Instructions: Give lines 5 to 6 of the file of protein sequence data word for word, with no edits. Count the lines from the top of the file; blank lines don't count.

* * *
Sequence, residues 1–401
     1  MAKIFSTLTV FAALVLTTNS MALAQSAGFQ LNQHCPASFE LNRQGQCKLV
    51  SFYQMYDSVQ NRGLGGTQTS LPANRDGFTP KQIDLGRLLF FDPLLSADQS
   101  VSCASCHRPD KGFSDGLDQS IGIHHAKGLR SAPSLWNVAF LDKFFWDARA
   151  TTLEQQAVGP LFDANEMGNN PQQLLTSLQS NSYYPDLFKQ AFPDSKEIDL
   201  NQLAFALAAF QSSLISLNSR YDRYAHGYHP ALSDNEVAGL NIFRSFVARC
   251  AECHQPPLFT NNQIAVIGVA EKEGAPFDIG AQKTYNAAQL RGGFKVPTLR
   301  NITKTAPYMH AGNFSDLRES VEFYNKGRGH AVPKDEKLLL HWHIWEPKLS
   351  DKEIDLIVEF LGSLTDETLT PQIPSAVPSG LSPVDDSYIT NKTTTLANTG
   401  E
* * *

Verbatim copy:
   151  TTLEQQAVGP LFDANEMGNN PQQLLTSLQS NSYYPDLFKQ AFPDSKEIDL
   201  NQLAFALAAF QSSLISLNSR YDRYAHGYHP ALSDNEVAGL NIFRSFVARC